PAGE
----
Participating in the WSPR-challenge

wspr

WSPR-challenge

PA3FYM WSPR-challenge receiverThere is buzzing a new phenomenon at PI4RCG (our local HAM club): the WSPR-challenge. One prominent club member, Remco PA3FYM, founded this WSPR-challenge with Richard PE1ITR. Essentially they download the whole WSPR-spot-database once every night and parse it in a top 50. The result changes per day. This challenge only consist of reported spots to wsprnet.org. So you can sneak peak at wsprnet.org site to see your uniques. Since wsprnet.org only logs your reported spots, this challenge is actually a RX-only contest.

Simple WSPR-receiver

Of course you can leave your main rig running 24×7 to participate in this WSPR-challenge. I did just that for a few days to see where I would end up in the WSPR-challenge. I know a few amateurs who took Remco’s design of a really simple WSPR-receiver and build it their selves. This receiver performs really really well. All builders are in the top 20 of the WSPR-challenge. According to Remco’s explanation big part of it’s success is to find and eliminate all distortion source in your area. Also use of beverages, loop-antenna’s etc. could help you to drive up your unique spots in the WSPR-challenge.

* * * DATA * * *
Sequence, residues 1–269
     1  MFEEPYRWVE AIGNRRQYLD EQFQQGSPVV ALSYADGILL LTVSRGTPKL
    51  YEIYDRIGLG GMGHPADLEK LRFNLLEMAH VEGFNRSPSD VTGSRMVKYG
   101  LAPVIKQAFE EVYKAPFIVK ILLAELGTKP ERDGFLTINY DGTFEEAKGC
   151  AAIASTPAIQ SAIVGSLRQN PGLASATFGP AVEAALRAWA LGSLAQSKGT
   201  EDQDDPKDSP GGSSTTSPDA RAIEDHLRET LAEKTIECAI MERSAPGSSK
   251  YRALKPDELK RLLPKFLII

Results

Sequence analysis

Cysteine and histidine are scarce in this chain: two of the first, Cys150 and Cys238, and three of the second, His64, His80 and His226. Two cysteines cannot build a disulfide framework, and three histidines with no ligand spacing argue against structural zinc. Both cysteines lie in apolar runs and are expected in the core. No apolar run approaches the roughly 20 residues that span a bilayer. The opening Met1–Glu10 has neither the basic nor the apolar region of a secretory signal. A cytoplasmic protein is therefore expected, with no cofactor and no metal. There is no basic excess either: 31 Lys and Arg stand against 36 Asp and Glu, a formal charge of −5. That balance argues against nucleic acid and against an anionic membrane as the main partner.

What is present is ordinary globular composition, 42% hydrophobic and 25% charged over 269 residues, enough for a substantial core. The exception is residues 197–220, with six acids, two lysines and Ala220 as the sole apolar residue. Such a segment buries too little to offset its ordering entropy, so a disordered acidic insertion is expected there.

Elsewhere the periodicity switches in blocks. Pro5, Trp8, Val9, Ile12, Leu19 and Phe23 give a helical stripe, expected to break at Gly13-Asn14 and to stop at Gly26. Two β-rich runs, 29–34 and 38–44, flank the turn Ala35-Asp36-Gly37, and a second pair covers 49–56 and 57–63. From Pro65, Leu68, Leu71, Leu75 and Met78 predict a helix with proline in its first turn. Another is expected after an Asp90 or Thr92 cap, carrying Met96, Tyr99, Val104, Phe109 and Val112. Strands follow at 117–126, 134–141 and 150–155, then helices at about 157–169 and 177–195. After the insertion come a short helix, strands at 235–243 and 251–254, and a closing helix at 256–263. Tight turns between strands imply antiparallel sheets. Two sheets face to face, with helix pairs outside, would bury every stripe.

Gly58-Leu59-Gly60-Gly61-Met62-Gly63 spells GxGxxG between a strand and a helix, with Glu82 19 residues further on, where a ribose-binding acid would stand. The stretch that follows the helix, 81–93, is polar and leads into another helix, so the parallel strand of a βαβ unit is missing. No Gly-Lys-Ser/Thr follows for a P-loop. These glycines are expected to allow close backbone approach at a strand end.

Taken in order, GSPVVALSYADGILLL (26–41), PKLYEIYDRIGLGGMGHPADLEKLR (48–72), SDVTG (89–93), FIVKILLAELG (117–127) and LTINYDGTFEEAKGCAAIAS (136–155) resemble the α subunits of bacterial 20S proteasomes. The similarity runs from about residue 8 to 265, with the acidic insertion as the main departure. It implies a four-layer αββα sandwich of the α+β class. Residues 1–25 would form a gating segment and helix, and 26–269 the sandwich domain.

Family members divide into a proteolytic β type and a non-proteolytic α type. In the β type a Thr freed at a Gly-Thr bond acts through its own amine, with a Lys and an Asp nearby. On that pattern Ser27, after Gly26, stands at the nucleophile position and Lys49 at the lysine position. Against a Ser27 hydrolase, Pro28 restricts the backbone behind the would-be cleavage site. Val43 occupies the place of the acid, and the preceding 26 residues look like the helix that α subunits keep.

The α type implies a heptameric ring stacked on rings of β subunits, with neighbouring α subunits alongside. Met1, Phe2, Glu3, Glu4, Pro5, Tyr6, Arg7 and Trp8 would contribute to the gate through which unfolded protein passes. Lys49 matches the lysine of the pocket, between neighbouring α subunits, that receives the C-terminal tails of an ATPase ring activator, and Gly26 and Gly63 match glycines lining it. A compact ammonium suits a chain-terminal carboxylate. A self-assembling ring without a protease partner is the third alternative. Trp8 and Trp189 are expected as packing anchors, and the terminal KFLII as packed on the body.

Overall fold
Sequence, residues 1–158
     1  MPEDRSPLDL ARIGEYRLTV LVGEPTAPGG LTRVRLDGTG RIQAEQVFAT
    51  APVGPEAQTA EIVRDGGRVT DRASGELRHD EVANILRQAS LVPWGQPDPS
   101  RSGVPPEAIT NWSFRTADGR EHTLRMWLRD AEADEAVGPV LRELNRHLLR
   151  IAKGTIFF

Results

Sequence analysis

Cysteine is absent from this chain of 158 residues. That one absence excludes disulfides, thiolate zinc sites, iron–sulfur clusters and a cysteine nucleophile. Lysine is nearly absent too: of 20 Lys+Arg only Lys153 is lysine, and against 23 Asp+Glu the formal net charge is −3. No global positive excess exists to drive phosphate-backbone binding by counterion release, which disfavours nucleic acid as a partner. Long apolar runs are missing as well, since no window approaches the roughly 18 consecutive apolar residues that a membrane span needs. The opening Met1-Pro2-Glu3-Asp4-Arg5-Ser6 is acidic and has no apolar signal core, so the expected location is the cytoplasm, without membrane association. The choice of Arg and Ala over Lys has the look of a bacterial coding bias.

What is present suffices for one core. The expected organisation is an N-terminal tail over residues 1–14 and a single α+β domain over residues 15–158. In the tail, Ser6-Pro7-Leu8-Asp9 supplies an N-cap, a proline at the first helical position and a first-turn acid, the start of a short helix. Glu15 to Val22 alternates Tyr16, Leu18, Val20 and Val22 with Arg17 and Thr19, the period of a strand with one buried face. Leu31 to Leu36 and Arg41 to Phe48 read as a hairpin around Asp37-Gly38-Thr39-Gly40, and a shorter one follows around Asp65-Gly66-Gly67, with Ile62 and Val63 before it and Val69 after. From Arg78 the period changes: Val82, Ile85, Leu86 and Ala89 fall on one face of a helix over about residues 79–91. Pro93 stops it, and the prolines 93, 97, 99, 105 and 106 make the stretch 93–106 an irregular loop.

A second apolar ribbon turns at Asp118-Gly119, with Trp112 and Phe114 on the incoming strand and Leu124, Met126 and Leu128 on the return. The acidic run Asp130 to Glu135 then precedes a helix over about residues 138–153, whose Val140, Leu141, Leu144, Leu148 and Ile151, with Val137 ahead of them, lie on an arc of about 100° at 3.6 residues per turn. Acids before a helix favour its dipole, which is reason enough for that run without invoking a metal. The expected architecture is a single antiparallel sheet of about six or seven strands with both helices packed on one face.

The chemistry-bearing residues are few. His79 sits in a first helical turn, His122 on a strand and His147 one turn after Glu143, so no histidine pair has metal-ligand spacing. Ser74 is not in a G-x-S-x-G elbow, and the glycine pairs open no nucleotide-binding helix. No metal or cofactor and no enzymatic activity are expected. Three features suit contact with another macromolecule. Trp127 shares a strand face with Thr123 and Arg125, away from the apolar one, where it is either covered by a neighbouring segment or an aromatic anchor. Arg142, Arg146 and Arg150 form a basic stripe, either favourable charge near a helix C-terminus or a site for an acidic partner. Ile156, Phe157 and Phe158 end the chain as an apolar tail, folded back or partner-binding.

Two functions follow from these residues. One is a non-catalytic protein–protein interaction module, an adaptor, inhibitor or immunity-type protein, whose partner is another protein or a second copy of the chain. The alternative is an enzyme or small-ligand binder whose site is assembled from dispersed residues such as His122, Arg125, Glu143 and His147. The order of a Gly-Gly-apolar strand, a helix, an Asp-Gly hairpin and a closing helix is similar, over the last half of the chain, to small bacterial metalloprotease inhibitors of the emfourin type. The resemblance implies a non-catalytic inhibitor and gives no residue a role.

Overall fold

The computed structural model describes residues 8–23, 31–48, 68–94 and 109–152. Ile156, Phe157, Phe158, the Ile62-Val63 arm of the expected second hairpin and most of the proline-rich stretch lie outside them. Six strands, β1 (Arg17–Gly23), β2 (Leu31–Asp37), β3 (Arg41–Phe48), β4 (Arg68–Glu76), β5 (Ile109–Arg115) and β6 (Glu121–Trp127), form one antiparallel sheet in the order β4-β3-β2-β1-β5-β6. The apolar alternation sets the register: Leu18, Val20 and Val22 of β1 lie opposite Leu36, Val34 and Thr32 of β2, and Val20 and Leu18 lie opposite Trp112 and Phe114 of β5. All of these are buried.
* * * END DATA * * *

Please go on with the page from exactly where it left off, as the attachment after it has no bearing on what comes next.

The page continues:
Antennas

I did a little reintroduction of my horizontal-loop-wire to push up my spot-rate. Unfortunately (or maybe luckily) there wasn’t much performance gain in comparison to my ZS6BKW. Which conclude into two possibilities: or the noise level on 30m is so high it is the same on the loop and ZS6BKW, or the noise-level is already low and isn’t improved by a closed loop.

WSPR-software

For the last part of your WSPR-challenge setup you need a computer to decode the WSPR-signals and upload them to wsprnet.org. The absolute best performing decode software for WSPR is WSJT-X. To really run it reliable you need to run it on linux. If you don’t want to leave your shack pc on continuously, you can use a Raspberry Pi 3 for this task.

Conclusion

I’ve learned a lot about WSPR-signals with this experiment so far. I’ve also noted that a closed loop antenna doesn’t perform better then a symmetric dipole necessarily (which I suspected). Since I wanted back my rig and shack-PC I temporarily stopped the participation in the WSPR-challenge. But I will back! On my to-do-list: buy a Rasberry Pi and build on of those PA3FYM-WSPR-receivers. That combo on an dedicated RX-antenna should be a winner.

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